The One with Córdoba, Spain

Friday, March 13, 2015

Just one more travel recap after this! That is, until next time ;)

We begrudgingly said goodbye to Seville because we loved it so, and made our way to a day trip in Córdoba.
Straddling a sharp bend of the Guadalquivir River, Córdoba has a glorious Roman and Moorish past, once serving as a regional capital for both empires. It's home to Europe's best Islamic sight after Granada's Alhambra: the Mezquita - a splendid and remarkably well-preserved mosque that dates from A.D. 784.
Beyond the magnificent Mezquita the city of Córdoba has two sides: the extremely touristy maze of streets immediately surrounding the giant main attraction lined with trinket shops, hotels, and restaurants and the workaday part of town centered on the Plaza de las Tendiallas.
We found parking behind the old city wall and headed into the old town near the Jewish Quarter.
Córdoba's Jewish Quarter dates from the late middle ages after Muslim rule and during the Christian ear. Now, little remains. It still has a lot of charm with flower-pot decorated walls and narrow, twisty lanes that still feel fresh and bright.
Photographer's dream. Not that I consider myself a photographer, I just like taking pictures.
Pink paint and mint barrels? Yes please!
Skinny streets make sense in hot climates as they provided much-appreciated shade. Skinny streets were also a necessity since the city's Jews had to make the most of the limited space in which they were allowed to live.
Thick, white-washed walls were both features that serve as a kind of natural air-conditioning. What little color there is in this famously white-washed city is found on the windows, doors, and flowers.
Someone was excited for today's adventure!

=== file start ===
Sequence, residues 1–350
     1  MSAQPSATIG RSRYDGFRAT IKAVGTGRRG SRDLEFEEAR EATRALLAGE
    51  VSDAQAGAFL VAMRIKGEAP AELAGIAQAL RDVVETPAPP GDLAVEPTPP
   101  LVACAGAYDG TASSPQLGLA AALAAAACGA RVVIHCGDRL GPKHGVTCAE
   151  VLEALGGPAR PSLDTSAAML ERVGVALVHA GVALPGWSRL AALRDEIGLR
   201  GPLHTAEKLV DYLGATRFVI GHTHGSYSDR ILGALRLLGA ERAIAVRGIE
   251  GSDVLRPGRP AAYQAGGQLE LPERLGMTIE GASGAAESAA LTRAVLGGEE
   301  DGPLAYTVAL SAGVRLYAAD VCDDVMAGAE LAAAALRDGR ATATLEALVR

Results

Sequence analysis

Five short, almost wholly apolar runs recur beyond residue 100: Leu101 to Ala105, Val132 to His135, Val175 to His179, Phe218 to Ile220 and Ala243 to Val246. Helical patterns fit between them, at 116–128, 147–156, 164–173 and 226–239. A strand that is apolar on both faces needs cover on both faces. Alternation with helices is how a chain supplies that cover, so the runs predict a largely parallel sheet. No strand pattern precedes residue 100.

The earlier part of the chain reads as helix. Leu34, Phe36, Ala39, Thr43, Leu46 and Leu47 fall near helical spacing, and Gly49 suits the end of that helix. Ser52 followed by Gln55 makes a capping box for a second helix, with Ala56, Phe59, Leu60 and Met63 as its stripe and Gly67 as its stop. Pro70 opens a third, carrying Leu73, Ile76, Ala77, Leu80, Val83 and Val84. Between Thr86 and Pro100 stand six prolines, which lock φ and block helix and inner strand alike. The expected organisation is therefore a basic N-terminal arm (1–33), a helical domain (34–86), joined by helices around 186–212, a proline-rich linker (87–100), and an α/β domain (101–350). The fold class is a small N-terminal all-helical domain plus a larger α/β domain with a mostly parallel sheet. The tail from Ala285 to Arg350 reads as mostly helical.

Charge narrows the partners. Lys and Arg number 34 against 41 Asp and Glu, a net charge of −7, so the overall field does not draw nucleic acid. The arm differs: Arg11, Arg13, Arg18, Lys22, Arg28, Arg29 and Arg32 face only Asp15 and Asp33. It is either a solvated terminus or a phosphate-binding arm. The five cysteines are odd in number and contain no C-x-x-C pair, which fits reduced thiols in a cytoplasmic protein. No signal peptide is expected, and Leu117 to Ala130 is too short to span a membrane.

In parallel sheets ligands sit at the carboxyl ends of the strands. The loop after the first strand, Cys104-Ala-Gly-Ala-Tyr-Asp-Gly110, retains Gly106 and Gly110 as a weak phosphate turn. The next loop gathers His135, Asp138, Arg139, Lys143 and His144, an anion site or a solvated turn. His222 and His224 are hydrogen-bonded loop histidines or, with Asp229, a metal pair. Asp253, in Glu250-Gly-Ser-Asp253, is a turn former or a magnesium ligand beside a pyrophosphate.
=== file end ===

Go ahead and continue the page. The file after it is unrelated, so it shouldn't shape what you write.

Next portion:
Handmade goods.
After a mediocre breakfast (think toast with ham and cheese for a pretty penny...) at a little cafe in the old town, we made our way to the main attraction: the Mezquita. This massive former mosque - now with a 16th century church rising up from the middle - was once the center of Western Islam and the heart of a cultural capital that rivaled Baghdad and Istanbul. A wonder of the medieval world, it's remarkable well-preserved giving visitor's a chance to soak up the ambience of Islamic Córdoba in its 10th century prime.
The Mezquita's big, welcoming courtyard is the Patio de los Naranjos. When this was a mosque the Muslim faithful would gather in this courtyard to perform ablution - ritual washing before prayer, as directed by Muslim law. Historians believe this was the first such courtyard with trees for shade. The trees (probably olive, palm, or orange) were planted in rows that line up with the colonnades inside the mosque symbolically extending the place of worship through the courtyard. They just let the oranges fall to the ground and then scoop them up and throw them away. They should let the local boy scout troop pick them and set up a fresh-squeezed OJ stand to sell to tourists! They'd make a killing!
I spy Fox.
Gazing up through the trees for a view of the bell tower which was built over the remains of the original Muslim minaret around 1600.
Entering the former mosque from the patio you pass from an orchard of orange trees into a forest of delicate columns dating from 786. That's hecka old. The 850 red-and-blue columns are topped with double arches - a round Romanesque arch above a Visigothic horseshoe arch - made from alternating red brick and white stone. 
The columns and capitals (built of marble, granite, and alabaster) were recycled from ancient Roman ruins and conquered Visigothic churches. The columns seem to recede to infinity. upporting such a tall ceiling with thin columns required extra bracing with the double arches you see - a beautiful solution to a practical problem.
For the first (and only!) time this trip: The ENTIRE Evans family crew in the Mezquita at Córdoba.
Delving deeper into the mosque-turned-church, we found the Mihrab. The mosque equivalent of a church's high altar, this was the focus of the mosque and is the highlight of the Mezquita today. The Mihrab, a feature in all mosques, is a decorated niche - in this case more like a small room with a golden-arch entrance. During a service the imam would stand here to read scripture and give sermons. He spoke loudly into the niche, his back to the assembled crowd and the architecture worked to amplify his voice so all could hear. Built in the mid-10th century by Al-Hakam II, the exquisite room reflects the wealth of Córdoba in its prime.